"The enterprises should not develop at the expense of the interests and growth of the next generation," he said.
Calling for efforts from all sectors of society, the NPPA said it will guide gaming providers to join hands with parents and schools to jointly build a sound environment for children's development.
With poor self-control, kids and adolescents are vulnerable to losing themselves in the virtual world. (Xinhua/Lu Zhe, Xu Jun, Wang Peng, Wang Qi)
SUPPORT FROM PARENTS AT HOME AND ABROAD
Wang Jiaqi, the mother of a fifth-grader in Beijing's Chaoyang District, hailed the news, saying that fellow parents in her neighborhood also lauded the new regulation on social media channels.
The online gaming ban is not new to China. The NPPA issued a notice in 2019 to limit the amount of time spent on gaming by minors, which laid a foundation for preventing minors' addiction to video games. But many parents thought it was still loose and suggested it be further strengthened.
"As the companies are trying to boost the design of online games to attract more customers, we parents are struggling to protect our children from 'the scourge,'" Wang said.
In a survey conducted by the Beijing Children's Legal Aid and Research Center, some parents believed that limited exposure is an effective approach to handling gaming addiction, while some respondents suggested employing technologies like face identification to ensure implementation of real-name registration and logins.
The NPPA said it will guide gaming providers to join hands with parents and schools to jointly build a sound environment for children's development. (Xinhua/Lu Zhe, Xu Jun, Wang Peng, Wang Qi)
As the Republic of Korea (ROK) also confronts the problem of online game addiction among adolescents, some ROK parents lauded China's move, saying that "China is really doing well" and "I hope (we) introduce strong restrictions on online games among primary school students following China," as was quoted by the newspaper Chosun Ilbo.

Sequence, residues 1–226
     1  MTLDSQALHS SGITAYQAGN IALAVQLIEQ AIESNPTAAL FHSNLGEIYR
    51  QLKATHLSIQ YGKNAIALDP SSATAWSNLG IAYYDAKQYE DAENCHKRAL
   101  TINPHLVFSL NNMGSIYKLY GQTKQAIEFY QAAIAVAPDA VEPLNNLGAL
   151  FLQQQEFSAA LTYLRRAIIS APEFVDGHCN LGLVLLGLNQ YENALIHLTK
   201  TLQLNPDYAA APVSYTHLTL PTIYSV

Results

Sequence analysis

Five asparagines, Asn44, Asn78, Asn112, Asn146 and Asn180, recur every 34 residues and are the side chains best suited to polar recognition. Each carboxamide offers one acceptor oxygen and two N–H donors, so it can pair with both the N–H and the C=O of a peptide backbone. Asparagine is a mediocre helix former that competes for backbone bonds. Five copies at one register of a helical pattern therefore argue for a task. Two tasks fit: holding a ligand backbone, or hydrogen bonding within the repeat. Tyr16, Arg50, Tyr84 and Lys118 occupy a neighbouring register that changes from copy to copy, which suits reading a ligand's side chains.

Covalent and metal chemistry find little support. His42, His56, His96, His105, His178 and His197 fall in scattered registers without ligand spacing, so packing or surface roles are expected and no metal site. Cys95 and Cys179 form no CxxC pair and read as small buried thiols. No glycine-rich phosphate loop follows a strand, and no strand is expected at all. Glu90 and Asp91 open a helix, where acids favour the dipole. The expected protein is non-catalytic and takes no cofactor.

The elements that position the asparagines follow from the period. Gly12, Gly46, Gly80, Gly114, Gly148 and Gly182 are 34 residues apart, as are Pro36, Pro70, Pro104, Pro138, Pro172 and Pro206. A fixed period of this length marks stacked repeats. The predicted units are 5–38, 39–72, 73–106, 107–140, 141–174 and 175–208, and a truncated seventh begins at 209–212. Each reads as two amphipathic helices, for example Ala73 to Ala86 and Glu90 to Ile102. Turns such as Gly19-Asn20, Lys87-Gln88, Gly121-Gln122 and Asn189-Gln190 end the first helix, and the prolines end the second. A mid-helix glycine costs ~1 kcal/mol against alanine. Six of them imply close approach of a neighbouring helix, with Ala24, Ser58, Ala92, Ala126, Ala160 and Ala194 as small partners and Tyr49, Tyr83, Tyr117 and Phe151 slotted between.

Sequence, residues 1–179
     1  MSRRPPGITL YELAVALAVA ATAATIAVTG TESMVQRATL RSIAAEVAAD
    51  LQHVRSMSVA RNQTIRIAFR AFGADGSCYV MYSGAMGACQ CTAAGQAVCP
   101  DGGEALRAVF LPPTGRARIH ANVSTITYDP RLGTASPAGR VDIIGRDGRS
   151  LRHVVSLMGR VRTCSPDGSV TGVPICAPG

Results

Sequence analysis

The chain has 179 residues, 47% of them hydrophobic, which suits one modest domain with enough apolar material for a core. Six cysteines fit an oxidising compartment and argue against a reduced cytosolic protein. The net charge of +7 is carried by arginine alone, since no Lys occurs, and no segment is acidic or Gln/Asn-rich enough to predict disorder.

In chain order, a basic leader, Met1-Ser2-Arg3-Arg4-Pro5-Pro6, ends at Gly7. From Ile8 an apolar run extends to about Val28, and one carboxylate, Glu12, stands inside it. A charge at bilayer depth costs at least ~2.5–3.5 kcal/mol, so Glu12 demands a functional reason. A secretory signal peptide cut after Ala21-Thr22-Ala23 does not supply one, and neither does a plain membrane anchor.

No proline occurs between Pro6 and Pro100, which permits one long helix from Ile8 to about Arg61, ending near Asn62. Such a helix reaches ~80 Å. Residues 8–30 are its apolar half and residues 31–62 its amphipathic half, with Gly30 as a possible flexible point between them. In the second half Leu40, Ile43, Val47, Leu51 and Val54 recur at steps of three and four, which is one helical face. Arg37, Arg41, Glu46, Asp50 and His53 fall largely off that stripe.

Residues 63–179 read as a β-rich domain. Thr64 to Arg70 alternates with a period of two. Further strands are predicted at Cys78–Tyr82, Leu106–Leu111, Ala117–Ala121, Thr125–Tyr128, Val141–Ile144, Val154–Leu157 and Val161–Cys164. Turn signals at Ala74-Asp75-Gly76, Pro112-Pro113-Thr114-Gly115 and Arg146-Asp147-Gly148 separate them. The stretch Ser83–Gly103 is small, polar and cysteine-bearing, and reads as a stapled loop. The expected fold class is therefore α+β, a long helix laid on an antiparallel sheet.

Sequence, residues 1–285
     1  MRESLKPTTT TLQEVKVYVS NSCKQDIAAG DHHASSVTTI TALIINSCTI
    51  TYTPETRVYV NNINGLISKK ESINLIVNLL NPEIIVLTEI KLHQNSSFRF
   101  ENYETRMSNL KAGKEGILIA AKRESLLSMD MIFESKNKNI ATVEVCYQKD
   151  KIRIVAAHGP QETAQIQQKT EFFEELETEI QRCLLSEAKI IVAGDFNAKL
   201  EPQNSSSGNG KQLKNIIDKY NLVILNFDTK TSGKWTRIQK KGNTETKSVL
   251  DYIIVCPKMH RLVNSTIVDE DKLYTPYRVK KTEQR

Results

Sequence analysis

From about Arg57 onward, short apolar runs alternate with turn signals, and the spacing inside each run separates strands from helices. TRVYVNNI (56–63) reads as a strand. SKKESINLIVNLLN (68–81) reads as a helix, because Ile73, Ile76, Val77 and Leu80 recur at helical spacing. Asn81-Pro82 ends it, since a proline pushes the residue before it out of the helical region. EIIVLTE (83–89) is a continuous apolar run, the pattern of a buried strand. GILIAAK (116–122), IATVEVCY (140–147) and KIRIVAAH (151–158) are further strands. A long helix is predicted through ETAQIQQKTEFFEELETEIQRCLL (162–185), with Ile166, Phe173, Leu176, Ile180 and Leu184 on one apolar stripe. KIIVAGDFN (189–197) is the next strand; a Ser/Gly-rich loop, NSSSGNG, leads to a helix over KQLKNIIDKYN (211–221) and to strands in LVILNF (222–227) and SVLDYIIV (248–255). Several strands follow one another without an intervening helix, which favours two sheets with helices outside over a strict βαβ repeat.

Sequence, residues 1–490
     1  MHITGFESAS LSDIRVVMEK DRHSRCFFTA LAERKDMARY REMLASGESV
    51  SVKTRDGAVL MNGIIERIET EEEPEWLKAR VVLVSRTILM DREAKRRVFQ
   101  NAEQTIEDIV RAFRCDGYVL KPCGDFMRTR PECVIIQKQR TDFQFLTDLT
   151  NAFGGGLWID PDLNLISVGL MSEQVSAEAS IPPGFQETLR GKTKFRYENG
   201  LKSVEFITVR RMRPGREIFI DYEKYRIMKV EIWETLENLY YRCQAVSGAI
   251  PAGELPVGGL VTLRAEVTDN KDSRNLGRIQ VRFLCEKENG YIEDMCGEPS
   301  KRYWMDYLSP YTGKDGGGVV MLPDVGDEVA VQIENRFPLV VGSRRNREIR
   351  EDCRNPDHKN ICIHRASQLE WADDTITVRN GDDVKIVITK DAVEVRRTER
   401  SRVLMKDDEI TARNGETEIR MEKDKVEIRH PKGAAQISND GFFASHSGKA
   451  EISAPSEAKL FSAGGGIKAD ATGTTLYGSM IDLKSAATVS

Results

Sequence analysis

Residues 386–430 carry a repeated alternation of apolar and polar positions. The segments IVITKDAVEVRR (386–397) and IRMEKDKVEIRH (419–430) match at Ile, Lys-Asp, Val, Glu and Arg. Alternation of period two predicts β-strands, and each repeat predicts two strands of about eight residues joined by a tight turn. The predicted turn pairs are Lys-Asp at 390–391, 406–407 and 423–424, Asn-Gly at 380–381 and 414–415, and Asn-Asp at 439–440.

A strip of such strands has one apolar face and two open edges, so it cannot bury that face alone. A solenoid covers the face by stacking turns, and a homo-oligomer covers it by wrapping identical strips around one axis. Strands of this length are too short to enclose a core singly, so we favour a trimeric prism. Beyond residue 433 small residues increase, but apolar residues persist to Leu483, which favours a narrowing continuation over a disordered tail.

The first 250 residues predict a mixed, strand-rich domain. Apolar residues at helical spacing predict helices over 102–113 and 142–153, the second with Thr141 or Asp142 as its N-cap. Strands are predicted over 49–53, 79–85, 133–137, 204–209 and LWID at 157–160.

Han Xuewen, principal of a middle school from northwest China's Xinjiang Uygur Autonomous Region, said as children spend less time on online games, they will have time to do more meaningful things such as talking and playing with their friends and other kids.
FOR CHILDREN'S HEALTHY GROWTH
The Chinese government has attached great importance to children's growth. Along with the online gaming regulation, a nationwide education overhaul is in full swing, focusing on reducing the burdens of students and parents by limiting the free-wheeling development of the for-profit tutoring industry, or cram schools.
Schools are also asked to recalibrate homework assignments and improve their classroom teaching and after-class services.
Students have PE classes on the playground at a primary school in Renhuai, southwest China's Guizhou Province, Sept. 1, 2021. (Photo by Chen Yong/Xinhua)
Liu Chunyan, the mother of a pupil in the southern city of Guangzhou, feels more at ease and relieved with her son having less homework and more time to spend on developing his interest.
"Now schools lay more emphasis on designing courses and providing after-school services, which is beneficial for children to cultivate hobbies and comprehensive qualities, as well as to improve physical fitness," she said.
Dai Yanmiao, associate professor at Shanghai University of Sport, said another benefit of the recent education sector overhaul is that kids will have more time to do sports, which is good for their growth and lays a systematic basis for their all-round development.
(Video reporters: Yao Yu, Liu Yuting; Video editor: Liu Yuting) ■